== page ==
Some Masterful Game at Last
The Masters Tournament — the crown jewel of professional golf — was finally played this past weekend. And after seven months of delay due to the coronavirus.
Dustin Johnson, a phenomenal talent, won his first Masters’ green jacket besting a field of the game’s top players. I watched with several family members — and had a blast.
I have very fond memories of this annual spring event held in Augusta, GA — it‘s how I really first connected with my father. Together, we watched the Masters in April at our home in Monmouth Beach for over 20 years.
Dad imbued in me a love of golf, The Masters, and Arnold Palmer. He revered Palmer, but by the time I was watching, Arnie had long ceased being a factor at the Masters. Still, he was a legend there — during the Age of Palmer at The Masters (1957-1967) he won 4 times, finished second twice, third once, and was never out of the top 10. To this day, he’s my all-time favorite golfer. “The King,” as he was called, died in 2016 at age 87.
My father was an enthusiastic golfer and used the game as a major stress reducer in so many ways — as participant, spectator, reader, and collector. On the course he bonded with fellow doctors and taught the game to his family. He was content playing golf and the pressures of medicine seemed to melt away. I strongly suggest that others give it a try.
I figure I played close to 200 rounds of golf with my dad through the years. It was his passion — right up until the end (his only 2 holes-in-one came after his 75th birthday). He first learned to play while a U.S. Navy officer stationed in the South Pacific during World War II. Before an illness in the 1950s messed up his legs, dad was a single-digit handicap golfer.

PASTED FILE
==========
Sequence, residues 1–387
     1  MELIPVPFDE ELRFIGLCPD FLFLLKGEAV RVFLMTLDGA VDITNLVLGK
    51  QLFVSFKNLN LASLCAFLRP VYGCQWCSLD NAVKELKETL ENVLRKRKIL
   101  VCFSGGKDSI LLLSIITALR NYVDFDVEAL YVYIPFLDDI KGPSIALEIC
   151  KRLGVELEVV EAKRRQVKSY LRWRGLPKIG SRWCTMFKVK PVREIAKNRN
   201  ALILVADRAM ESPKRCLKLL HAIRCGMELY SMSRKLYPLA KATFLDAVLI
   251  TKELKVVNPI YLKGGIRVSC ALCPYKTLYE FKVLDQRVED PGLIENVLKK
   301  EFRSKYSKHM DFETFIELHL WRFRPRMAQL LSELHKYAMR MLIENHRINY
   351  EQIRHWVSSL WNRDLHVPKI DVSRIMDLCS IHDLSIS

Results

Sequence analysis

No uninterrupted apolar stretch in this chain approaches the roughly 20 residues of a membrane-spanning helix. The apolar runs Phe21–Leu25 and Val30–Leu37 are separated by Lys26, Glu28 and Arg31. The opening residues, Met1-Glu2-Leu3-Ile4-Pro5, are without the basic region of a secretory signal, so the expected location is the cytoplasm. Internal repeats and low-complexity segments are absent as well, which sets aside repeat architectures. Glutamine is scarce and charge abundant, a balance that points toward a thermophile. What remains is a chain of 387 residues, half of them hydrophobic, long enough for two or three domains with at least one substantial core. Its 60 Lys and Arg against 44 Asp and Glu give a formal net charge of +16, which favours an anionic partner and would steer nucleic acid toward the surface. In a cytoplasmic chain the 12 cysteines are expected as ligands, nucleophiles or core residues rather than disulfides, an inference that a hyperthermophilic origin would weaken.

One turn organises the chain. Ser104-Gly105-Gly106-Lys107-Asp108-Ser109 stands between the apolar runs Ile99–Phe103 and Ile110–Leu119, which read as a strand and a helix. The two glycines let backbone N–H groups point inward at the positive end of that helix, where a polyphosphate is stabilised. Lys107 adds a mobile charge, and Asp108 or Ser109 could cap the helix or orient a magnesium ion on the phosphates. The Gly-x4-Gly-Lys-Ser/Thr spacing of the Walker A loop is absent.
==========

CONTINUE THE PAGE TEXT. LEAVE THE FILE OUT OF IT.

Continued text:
From him and my own love of the game I learnd golf’s benefits: good exercise, fresh air, improved focus, strategy development, confidence builder, learned humility, and competitive spirit. Besides, few things in life can top a beautiful day on the course with good friends or family.
Dad also did business on the course. He had a large group of doctor buddies (of varying medical specialties) he played with regularly. And he wasn’t afraid to use his connections as a doctor to get on some very exclusive course — he played many of the great ones in America, Scotland, and Ireland.
I remember my dad telling me that a person’s true nature could be found on the golf course. During my life of playing golf, I found that he was onto something there.
“Golf is a game that is played on a five-inch course: the distance between your ears.”
For those interested in playing golf, here’s how to make a start:
• Invest in a decent set of golf clubs and shoes. Golf is an equipment driven sport and it’s important to look and feel the part. MORE INFO.
• Take a few lessons from a local golf pro. Oftentimes, some quick tips from a good teacher can start you off on the foot or help correct some nagging swing problems. MORE INFO.
• Read some golf books: “Five Lessons: The Modern Fundamentals of Golf”(1957) by Ben Hogan and “The Golf Doctor: How to Play a Better, Healthier Round of Golf”(1996) by Bill Mallon, MD are a good beginning. You’ll need to walk and talk the game.
• Join a club in your area (with golf now in semi-decline nationwide, many private clubs are offering good membership deals), and commit to playing every week. Good golf is all about repetition. MORE INFO.